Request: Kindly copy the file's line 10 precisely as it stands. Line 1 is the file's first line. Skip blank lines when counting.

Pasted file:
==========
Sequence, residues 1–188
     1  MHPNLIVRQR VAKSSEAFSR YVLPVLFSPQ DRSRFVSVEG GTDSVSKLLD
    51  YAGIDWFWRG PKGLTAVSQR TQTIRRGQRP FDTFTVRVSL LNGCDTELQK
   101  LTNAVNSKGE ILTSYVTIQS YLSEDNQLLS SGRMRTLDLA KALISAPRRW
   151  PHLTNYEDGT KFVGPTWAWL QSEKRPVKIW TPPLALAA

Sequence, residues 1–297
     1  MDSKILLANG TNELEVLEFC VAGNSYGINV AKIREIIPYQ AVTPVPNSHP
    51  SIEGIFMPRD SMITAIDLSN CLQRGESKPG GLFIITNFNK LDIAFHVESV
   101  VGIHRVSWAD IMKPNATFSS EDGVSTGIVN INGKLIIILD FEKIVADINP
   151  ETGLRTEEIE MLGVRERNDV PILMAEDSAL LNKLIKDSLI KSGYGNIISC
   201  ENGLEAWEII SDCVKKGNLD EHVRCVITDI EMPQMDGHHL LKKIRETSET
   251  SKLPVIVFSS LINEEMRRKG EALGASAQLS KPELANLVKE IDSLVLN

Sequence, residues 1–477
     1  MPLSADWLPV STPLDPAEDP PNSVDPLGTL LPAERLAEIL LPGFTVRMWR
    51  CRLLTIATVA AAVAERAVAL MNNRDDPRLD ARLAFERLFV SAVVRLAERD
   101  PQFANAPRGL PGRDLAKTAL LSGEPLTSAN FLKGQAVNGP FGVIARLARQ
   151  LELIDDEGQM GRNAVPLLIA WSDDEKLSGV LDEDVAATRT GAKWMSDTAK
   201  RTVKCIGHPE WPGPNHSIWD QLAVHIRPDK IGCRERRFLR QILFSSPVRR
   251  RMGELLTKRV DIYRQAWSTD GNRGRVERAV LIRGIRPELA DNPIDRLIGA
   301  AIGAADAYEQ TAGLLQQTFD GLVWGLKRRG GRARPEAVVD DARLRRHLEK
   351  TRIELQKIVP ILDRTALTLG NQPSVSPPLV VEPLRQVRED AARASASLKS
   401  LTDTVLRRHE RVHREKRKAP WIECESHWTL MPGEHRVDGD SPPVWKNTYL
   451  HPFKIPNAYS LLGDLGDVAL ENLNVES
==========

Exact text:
   151  ETGLRTEEIE MLGVRERNDV PILMAEDSAL LNKLIKDSLI KSGYGNIISC